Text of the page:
Vanderbilt Commodores sophomore wing Aaron Nesmith is widely considered to be one of the best shooting prospects in the 2020 NBA draft class.
HoopsHype spoke to Nesmith about how he is preparing for his future in the NBA. We touched on his injury recovery, how his remarkable sharpshooting will translate the pros, his mentorship from NBA All-Star Khris Middleton, his interest in eventually owning a Starbucks franchise location and plenty more.
Please note that this transcription was very minorly edited for clarity.
What have you been doing over the last few months to keep your mind and body right?
Aaron Nesmith: I’m just kind of taking it day by day, doing what I need to do, doing what I’m supposed to do, in order to continue to get better and continue to prepare for the jump I’m about to make by going to the next level. I’m working out every single day, taking care of my body every single day, stretching, doing my correctives, lifting weights. I’m just making sure I keep myself accountable and keep that responsibility and working hard every single day. It’s been fun.
Obviously, you missed a lot of games during your sophomore year due to injury. Where are you feeling right now in terms of health?
AN: I am 100 percent. I’m back and I couldn’t be happier. No more scans, no more doctors. I’m back, full-go. It’s been a lot of fun. I just can’t wait to play in a game again because it’s already been so long since January. My level of competitiveness is at an all-time high. I can’t wait to go out there and play guys and fight for that win.
What are some things you learned about yourself during the process after your injury?
AN: I was able to look back at the game, look back at myself as an individual, and really watch the film of myself and really hone in on what I needed to work on, what I needed to spend this time that I had in order to improve my game from a mindset standpoint and an actual basketball standpoint.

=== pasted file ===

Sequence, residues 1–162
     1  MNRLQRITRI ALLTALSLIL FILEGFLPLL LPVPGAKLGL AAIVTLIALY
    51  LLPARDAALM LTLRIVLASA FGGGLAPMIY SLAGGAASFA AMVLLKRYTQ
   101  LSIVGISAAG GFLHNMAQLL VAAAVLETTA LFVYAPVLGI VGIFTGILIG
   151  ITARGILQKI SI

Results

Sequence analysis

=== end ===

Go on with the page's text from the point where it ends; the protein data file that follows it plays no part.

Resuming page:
You truly were having one of the best shooting seasons we’ve seen in a very long time before your injury. Can you walk me through what was going on in terms of how you became such an elite shooter this year?
AN: The game slowed down for me from my freshman year to sophomore year. I was really paying attention to the details and watching a whole bunch of film. I was just able to reflect on the season that I had my freshman year, shooting 33% from beyond the arc, and then did what I needed to do to make those changes, to make the correct changes, going into my sophomore year.
Can you tell me more about the evolution of your jump shot?
AN: Shooting, in general, has always been my strong suit – whether it’s been creating my own shot or catching it. But, as the game goes on, you have to learn to fill in your role a little bit more and become more of a specialist. During college, being able to catch and shoot was one of the things I wanted to be able to hone in on and try to do the best of my ability. I accomplished that in my sophomore year by paying attention to detail, continuing to work on my footwork and my mechanics every single day, twice a day.
Shooting off screens and handoffs, especially in the NBA, is a very versatile skill. You see that with guys like Joe Harris and JJ Redick. How’ve you been able to develop your movement off the ball?
Aaron Nesmith was one of the best movement shooters this year before his injury. His ability to read the defense while running off screens allowed him to get some extra space to get shots off
Nesmith ranked in the 97th percentile in 'Off Screen' play types pic.twitter.com/gXtvDaNcY0
— Zach Milner (@ZachMilner13) April 5, 2020
AN: You named two great players who are really good at what they do. I’m always watching guys like them and Ray Allen. I’m continually studying film on them and their off-ball footwork, how they come off the off-ball screens and how they create space before running off the screen, how they trick the defender to run into the screen and just all the little nuance within the game that I picked up from watching guys like that over and over and over. I’m studying what they’re good at because they’re so good at it. Then I can take something and put it into my game. I think that contributed to the big jump from my freshman to sophomore year, absolutely honing in on guys like that who do this for a living, do it every single day, and are really good at it.